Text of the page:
Mali: We need Russian mercenaries, France has abandoned us

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BAMAKO, ($1=558.00 XOF)Mali Prime Minister Shogel Kokalla Maiga said that his country feels abandoned by France, so the country’s authorities are looking for other military assistance and turned to a Russian private military company [PMC], learned BulgarianMilitary.com.

“The new situation that has arisen as a result of the end of Operation Barkhan presents Mali with a fait accompli: we were to a certain extent abandoned in the middle of the flight. This forces us to explore ways and means to better ensure our security on our own or with other partners,” he said, speaking at a session of the UN General Assembly.

According to him, this is necessary “to fill the gap” that will undoubtedly arise as a result of the completion of the anti-terrorist operation by France, code-named “Barkhan” in the north of the country.

Earlier, French President Emmanuel Macron announced the completion of the operation in the African region of the Sahel. He noted that anti-terrorist tasks in this region will be carried out by “international forces.”

Russian Foreign Minister Sergei Lavrov said at a press conference in New York that the Malian authorities have turned to a Russian PMC to help fight terrorists because France has decided to “significantly reduce its military contingent.” According to the minister, the French military “failed, and the terrorists are still running the show there.”

European Union Foreign Minister Josep Borrell said earlier that he told Lavrov and his colleague from Mali that the potential deployment of the Russian PMC Wagner in Mali would become a “red line” for the EU and would have “consequences for cooperation.”

Lavrov said that the Russian government had nothing to do with any deal between PMCs and Mali.

Earlier in September, the French TV channel TV5, citing sources in Paris, said that the Malian authorities were discussing the possibility of an agreement with PMC Wagner on the training of Malian military personnel and ensuring the security of the country’s leadership.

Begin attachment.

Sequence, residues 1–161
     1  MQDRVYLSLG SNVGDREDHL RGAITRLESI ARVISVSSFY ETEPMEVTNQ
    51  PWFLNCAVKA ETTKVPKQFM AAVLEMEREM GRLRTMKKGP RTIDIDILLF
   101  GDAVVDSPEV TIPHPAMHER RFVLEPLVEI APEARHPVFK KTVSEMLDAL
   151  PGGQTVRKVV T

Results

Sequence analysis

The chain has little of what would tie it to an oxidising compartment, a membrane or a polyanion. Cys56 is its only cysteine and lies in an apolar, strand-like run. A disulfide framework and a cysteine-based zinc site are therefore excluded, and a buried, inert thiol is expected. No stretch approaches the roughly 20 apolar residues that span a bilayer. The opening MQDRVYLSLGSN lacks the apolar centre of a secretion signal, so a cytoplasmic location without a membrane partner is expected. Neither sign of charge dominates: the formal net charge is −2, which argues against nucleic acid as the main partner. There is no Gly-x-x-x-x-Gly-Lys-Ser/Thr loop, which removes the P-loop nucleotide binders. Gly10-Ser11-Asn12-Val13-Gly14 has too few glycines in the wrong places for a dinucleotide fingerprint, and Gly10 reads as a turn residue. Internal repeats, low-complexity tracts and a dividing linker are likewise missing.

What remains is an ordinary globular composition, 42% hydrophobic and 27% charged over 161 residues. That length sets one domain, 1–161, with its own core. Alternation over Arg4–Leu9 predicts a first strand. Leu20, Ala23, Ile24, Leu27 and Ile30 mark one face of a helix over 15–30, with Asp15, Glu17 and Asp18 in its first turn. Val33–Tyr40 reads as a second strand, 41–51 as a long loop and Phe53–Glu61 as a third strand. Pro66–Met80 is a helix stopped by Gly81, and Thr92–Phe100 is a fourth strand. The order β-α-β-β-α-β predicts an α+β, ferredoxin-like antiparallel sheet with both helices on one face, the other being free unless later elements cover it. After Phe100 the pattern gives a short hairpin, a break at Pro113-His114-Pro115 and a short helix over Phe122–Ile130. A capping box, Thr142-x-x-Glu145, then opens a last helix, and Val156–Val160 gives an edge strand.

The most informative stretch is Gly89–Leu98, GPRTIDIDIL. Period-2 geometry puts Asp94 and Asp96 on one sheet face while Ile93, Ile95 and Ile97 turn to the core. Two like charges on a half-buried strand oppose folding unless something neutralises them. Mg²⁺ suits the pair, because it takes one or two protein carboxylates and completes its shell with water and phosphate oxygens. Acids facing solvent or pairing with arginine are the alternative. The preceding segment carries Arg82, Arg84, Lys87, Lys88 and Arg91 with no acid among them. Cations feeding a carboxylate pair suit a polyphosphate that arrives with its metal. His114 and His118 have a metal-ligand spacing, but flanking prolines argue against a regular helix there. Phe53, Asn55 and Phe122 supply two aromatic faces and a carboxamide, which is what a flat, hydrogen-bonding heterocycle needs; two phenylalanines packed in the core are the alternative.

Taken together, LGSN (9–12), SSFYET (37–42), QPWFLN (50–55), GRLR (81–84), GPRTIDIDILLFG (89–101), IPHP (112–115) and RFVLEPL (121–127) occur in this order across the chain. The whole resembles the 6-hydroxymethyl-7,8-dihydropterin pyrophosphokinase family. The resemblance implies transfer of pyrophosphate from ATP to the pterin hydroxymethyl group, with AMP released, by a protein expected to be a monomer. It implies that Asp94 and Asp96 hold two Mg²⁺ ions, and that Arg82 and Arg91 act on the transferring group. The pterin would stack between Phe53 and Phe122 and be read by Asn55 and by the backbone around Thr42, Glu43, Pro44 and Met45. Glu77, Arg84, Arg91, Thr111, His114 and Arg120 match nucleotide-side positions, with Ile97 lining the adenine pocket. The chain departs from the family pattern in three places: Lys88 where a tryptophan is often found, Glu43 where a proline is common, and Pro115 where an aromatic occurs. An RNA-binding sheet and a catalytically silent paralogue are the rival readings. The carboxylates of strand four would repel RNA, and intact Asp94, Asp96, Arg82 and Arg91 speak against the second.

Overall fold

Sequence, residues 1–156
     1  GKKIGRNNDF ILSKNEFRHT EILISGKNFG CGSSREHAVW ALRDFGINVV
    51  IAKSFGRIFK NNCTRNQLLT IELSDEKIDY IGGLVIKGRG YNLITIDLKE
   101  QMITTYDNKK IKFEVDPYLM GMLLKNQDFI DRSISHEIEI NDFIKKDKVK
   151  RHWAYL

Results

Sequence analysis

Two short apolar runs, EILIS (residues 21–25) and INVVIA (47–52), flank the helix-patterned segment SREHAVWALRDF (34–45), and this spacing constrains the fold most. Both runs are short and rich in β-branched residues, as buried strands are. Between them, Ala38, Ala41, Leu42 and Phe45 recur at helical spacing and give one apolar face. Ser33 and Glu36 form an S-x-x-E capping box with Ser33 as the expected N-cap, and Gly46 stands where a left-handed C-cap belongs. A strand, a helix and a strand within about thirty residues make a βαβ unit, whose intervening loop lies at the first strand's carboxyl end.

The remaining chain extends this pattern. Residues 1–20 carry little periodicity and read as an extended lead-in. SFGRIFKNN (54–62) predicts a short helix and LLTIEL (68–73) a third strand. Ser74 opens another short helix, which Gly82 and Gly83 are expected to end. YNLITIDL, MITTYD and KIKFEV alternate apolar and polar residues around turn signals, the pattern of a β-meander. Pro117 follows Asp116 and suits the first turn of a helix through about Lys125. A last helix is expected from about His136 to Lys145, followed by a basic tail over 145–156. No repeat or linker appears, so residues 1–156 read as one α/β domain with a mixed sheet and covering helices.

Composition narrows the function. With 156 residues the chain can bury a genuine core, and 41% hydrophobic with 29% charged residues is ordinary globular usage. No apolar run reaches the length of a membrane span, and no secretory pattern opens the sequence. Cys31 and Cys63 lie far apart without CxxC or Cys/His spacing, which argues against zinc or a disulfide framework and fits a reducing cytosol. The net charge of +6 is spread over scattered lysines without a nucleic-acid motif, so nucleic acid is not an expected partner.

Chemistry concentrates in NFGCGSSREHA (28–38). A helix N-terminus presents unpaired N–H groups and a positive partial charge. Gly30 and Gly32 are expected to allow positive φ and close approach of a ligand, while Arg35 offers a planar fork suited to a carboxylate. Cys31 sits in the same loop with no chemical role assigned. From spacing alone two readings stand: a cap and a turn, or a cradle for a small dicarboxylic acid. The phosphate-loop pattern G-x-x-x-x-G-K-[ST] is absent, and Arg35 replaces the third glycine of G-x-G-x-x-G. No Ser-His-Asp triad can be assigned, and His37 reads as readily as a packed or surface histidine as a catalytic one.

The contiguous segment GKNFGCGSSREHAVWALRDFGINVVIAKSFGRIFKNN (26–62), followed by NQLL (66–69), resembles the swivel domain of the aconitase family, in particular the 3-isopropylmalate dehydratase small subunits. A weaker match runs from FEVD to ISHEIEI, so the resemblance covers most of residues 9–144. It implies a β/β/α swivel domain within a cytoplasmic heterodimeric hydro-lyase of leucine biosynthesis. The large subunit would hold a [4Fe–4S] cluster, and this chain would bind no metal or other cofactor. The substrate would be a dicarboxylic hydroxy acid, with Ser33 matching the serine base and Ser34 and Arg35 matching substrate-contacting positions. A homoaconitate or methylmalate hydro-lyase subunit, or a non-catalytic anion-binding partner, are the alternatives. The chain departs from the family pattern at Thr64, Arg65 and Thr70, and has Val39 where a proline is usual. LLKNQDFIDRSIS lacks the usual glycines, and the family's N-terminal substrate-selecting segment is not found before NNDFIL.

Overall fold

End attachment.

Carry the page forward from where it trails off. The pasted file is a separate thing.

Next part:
PMC Wagner could provoke a security crisis in Mali

It is no surprise that Russia is interested in Mali, where, at the request of the Malian authorities, France has deployed troops to combat jihadist groups there, as part of Operation Barkhane, which has spread to the entire Sahel. Since independence in 1961, Bamako had built close ties with Moscow. But these relations did not survive the collapse of the Soviet Union thirty years later.

In any case, the prospect of landing Russian mercenaries in Mali is not to the liking of Paris, which announced a major overhaul of its military apparatus in the Sahel in June. This is what Le Drian said during a hearing before the Foreign Affairs Committee in the National Assembly on September 14.

“This is completely incompatible with our presence. The intervention of a group of this type in Mali would be incompatible with the actions of Mali’s Sahelian and international partners,” Mr. Le Drian said. “They have distinguished themselves in the past, especially in Syria, in the Central African Republic, many of which “Predators, violations of all kinds [and] cannot respond to any solution,” he recalled at the time. He insisted: “In the Central African Republic, this has led to a deterioration in the security situation.”

The same day, before the deputies of the Defense Committee, the Minister of the Armed Forces, Florence Parley, considered that if the Malian authorities signed a contract with Wagner, it would be extremely worrying and contradictory, incompatible with everything we have done for years and everything “which we intend to do in support of the Sahel countries.”

In his introductory speech, the minister recalled that there was no question of France withdrawing militarily from the Sahel.

“We are not leaving the Sahel. We continue to fight terrorism. We maintain a military system to continue to support our Sahel partners while adapting to the evolution of the threat. The transformation ordered by the President of the Republic is by no means a departure from Mali, but a reconfiguration of our forces to make them even more operational and effective. I remind you that the final deployment of French troops in the Sahel will continue to rely on the constant commitment of the French troops together with our partners. I can tell you that this will be a real, consistent, and ongoing effort for our armies,” Ms. Parly explained.

However, according to an AFP source, the arrival of PMC Wagner in Mali [there is talk of at least a thousand mercenaries] would run the risk of calling into question US support for French operations or even the European Union with the Takuba special forces group. “The United States would stop everything,” and “some European countries might also decide to give up,” she said.

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